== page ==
The Roar
The Roar


Saints far from done despite Riewoldt blow

Roar Guru
15th April, 2010

Tom Harley of Geelong and Nick Riewoldt of St Kilda hold up the Premiership Cup during the 2009 Toyota AFL Grand Final Parade. Slattery Images

Ever since Nick Riewoldt clutched at his right hamstring on Friday evening, the footy world has waited with bated breath to hear the official diagnosis. The Saints have been loath to confirm any length of time.

But it now appears certain Riewoldt won’t be back until late in the regular season.

It is a big blow for St Kilda. His extended absence leaves a gaping hole.

Saints coach Ross Lyon’s off-the-cuff post-game comment that “if it was off the bone, do you reckon I would have half a smile on my face” (despite just overseeing a gutsy and resilient victory over a premiership contender) said it all.

Little did Lyon know his worst fears would be realised, even though Riewoldt’s hamstring tendon tear wasn’t off the bone.

A point raised in pre-season was that Riewoldt is probably the most important player to any team in the AFL and that the Saints would be a much weaker side without him.

So when he went down injured, so too did the Saints premiership hopes, according to some.

St Kilda doctor Tim Barbour confirmed on Wednesday: “We’re not going to give a definite number of weeks because he has to go through a rehab process, [but] we feel the latter minor rounds is a good estimate of when he’ll be back.”


It’s a long period of time without your most influential player, especially as a firm flag favourite trying to build a challenge for the premiership. There’s no doubt, in terms of quality, St Kilda will be weaker for his absence.

But this is a Saints side made of stern stuff.

They proved that last season when they went on a 19-game winning streak, before making it through to the Grand Final only to lose arguably through their inaccuracy in front of goal.

And coach Ross Lyon has a mantra which is all about doing whatever it takes and not making excuses or taking shortcuts, especially as they seek redemption for 2009’s Grand Final loss.

Riewoldt’s absence could be an easy excuse for a form slump, but you fancy Lyon won’t let that happen.

Brilliant vice-captain Lenny Hayes will step up to lead the group in Riewoldt’s absence and he won’t let standards slip either.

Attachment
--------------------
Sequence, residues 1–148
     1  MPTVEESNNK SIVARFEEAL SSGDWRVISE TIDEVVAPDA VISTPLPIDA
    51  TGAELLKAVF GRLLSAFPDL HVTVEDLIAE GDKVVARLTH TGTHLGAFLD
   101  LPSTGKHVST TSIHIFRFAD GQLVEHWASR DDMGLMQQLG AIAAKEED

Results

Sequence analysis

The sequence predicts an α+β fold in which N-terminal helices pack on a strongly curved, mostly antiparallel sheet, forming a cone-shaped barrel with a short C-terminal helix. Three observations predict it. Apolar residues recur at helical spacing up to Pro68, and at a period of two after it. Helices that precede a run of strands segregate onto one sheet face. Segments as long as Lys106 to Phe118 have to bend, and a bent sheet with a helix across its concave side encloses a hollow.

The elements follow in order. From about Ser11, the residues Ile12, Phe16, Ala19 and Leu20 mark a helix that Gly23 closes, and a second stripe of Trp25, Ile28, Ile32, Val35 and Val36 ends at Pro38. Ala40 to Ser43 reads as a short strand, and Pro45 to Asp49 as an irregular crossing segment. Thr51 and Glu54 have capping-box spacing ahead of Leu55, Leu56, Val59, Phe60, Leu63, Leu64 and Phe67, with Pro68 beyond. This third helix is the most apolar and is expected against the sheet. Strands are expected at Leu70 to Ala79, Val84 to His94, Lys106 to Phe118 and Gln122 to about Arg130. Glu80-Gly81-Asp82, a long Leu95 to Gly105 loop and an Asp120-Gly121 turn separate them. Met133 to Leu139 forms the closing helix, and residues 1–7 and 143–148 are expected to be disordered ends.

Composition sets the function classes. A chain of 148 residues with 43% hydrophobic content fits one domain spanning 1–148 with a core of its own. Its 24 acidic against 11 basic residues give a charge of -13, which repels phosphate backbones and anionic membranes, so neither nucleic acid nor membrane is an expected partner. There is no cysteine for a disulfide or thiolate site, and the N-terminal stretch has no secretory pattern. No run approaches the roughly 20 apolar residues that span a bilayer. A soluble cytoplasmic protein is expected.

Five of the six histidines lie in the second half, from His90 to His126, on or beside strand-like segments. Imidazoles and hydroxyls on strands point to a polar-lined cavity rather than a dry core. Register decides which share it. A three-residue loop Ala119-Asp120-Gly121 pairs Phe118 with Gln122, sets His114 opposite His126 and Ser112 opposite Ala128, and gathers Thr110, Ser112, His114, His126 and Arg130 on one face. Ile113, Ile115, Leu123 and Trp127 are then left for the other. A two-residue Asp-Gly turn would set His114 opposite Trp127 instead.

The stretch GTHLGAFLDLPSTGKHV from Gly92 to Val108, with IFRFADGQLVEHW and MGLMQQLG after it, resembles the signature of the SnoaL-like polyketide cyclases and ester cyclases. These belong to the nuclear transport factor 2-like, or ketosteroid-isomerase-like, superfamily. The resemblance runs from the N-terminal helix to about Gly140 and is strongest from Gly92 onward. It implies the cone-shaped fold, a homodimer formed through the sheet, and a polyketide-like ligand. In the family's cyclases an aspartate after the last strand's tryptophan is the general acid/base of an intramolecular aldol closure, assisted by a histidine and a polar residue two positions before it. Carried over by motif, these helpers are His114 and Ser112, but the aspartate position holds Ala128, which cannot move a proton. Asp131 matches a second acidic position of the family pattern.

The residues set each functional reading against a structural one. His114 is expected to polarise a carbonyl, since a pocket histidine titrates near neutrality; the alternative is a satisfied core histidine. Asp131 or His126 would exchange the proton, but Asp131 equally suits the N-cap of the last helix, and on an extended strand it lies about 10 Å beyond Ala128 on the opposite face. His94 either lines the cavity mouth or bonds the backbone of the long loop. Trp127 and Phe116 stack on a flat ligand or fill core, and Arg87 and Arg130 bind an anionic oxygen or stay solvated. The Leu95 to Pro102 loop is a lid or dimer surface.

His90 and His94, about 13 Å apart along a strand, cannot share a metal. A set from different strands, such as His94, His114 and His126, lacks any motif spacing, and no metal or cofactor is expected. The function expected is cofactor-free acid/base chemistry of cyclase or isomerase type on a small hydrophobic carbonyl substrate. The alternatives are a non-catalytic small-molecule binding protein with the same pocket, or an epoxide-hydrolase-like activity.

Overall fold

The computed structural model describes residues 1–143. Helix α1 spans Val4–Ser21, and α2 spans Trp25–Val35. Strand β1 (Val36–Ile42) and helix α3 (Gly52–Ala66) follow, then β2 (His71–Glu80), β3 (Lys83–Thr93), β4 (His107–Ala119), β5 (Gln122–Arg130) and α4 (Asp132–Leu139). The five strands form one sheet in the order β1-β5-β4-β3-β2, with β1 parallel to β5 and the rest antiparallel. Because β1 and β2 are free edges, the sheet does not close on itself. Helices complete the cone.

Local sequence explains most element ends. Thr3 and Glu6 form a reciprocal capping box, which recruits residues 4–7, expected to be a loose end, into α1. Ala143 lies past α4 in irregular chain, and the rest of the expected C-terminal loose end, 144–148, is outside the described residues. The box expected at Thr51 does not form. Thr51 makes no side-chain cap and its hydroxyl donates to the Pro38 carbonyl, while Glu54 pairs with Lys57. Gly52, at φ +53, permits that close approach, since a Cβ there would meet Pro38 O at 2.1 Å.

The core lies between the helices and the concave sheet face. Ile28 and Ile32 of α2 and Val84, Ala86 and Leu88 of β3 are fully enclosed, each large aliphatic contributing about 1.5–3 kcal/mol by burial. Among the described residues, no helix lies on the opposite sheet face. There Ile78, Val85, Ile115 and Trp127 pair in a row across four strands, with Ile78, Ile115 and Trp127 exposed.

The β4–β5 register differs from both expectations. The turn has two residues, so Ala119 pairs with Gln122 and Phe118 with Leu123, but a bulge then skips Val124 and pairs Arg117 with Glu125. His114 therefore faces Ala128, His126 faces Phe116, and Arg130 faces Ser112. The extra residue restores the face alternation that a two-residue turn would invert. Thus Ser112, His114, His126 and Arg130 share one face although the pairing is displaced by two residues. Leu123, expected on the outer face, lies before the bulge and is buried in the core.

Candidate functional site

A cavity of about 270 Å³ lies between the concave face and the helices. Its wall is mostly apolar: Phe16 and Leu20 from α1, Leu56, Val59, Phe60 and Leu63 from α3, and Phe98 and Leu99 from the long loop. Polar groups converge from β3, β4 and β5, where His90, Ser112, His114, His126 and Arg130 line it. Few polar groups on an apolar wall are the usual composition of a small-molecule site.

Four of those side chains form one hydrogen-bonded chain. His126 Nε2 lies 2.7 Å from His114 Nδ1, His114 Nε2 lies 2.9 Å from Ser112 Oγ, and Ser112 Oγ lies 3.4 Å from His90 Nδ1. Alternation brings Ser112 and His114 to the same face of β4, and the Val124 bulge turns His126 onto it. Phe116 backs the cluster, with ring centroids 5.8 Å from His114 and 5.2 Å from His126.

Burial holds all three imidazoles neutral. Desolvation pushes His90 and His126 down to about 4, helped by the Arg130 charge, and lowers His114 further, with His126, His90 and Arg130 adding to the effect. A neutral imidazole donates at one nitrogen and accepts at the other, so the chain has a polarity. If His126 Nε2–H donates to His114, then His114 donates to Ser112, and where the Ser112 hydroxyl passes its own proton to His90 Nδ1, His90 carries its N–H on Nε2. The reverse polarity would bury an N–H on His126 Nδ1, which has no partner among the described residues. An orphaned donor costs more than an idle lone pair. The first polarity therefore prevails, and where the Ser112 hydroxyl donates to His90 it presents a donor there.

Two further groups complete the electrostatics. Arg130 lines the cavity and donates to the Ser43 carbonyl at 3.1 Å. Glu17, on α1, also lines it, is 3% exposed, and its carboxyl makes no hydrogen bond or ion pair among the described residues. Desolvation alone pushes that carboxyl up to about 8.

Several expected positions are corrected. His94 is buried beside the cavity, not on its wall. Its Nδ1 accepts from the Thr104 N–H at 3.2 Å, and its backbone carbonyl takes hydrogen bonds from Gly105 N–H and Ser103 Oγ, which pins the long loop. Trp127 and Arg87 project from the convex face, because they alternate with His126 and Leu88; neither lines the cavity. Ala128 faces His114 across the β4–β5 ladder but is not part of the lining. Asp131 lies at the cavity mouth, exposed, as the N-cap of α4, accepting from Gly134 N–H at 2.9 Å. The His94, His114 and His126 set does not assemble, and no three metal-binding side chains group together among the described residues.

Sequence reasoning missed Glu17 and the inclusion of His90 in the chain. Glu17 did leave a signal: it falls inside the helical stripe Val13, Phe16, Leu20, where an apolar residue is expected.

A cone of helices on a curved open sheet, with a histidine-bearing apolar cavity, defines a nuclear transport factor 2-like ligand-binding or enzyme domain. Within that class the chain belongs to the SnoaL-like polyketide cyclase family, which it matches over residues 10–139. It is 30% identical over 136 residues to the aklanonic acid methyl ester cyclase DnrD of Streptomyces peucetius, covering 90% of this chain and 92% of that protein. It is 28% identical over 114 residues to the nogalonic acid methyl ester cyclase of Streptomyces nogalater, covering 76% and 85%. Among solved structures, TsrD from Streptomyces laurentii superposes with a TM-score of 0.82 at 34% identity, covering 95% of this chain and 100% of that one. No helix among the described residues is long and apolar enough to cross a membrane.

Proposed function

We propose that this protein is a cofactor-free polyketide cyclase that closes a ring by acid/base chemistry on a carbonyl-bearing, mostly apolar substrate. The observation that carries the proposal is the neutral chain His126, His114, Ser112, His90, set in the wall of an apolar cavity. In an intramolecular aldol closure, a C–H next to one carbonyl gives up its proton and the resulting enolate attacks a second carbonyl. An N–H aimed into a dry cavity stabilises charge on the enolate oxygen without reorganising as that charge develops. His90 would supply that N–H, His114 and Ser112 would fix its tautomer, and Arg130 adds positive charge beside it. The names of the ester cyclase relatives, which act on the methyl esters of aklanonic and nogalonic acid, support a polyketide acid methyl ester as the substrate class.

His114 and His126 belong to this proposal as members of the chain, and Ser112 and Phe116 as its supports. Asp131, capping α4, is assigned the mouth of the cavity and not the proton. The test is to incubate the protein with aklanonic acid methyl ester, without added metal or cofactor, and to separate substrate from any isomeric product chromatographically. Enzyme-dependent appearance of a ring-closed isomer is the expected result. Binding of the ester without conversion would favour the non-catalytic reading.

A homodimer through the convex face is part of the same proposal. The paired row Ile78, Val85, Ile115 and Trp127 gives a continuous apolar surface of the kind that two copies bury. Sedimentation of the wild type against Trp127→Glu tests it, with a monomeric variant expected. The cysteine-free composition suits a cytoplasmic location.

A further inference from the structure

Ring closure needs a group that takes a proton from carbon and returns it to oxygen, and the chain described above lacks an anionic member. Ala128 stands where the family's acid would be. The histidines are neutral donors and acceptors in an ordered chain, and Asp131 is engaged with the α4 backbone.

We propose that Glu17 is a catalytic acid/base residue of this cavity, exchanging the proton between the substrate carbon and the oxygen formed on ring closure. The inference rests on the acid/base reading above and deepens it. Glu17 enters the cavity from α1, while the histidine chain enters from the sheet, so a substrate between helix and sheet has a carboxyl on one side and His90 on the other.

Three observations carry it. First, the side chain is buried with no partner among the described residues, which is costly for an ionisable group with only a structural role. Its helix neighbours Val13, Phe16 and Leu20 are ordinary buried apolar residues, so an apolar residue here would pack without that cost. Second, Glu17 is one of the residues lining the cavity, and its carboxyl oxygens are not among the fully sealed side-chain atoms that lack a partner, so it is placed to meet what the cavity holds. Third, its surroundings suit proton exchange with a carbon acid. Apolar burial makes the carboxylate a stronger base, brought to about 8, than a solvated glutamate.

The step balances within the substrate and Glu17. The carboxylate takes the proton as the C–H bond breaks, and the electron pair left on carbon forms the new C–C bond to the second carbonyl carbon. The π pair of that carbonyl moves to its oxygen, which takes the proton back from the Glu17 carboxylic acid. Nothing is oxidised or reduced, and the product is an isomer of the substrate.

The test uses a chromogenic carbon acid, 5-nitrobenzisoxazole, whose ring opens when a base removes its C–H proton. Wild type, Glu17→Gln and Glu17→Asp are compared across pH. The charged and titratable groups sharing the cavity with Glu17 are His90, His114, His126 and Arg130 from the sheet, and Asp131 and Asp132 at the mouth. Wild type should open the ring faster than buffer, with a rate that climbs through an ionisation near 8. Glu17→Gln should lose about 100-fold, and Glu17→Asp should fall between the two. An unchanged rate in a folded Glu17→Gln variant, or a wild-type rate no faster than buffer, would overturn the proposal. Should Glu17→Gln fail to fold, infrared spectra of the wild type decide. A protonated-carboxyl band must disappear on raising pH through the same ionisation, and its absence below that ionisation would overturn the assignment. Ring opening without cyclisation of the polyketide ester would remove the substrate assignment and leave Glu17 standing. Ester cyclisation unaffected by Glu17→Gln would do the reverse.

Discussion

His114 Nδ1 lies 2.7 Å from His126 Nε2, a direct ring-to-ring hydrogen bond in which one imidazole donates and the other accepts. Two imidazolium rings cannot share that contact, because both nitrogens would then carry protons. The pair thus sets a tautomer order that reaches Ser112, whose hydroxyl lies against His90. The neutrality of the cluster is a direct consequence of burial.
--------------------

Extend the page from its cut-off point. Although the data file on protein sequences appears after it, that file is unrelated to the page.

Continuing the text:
And the evidence of Friday night reiterates this point, as the Saints kicked six second-half goals to Collingwood’s none after Riewoldt limped off in the second term.

The Saints found a way to win without Riewoldt and against a genuine premiership contender.


And finding a way to win is something St Kilda have been doing for the last 12 or so months and if you look through their results in that period (including the NAB Cup), they rarely get beaten and often win close matches.

On Friday night, they didn’t necessarily need to kick a lot of goals, they just strangled their opposition (who admittedly struggled to kick straight in front of goal) in typical St Kilda fashion.

Lyon labelled it ‘magnificant’, while Riewoldt called it ‘amazing’.

The point must be made the Saints needed an ‘amazing’ performance to get over the line without Riewoldt and that won’t be easy to produce week-in week-out in his absence.

But the Saints will meet a lot of sides worse than Collingwood this season and efforts like last Friday’s won’t be demanded of them every week.

They will drop a game or two or three in Riewoldt’s absence, but considering the standards these Saints set, they should be thereabouts when Roo returns and we know he’ll be bursting at the seams come finals time.

And in some ways Riewoldt’s absence could be a blessing disguise if he’s mentally and physically fresh for September, so all is not lost for Saints just yet.

Far from it.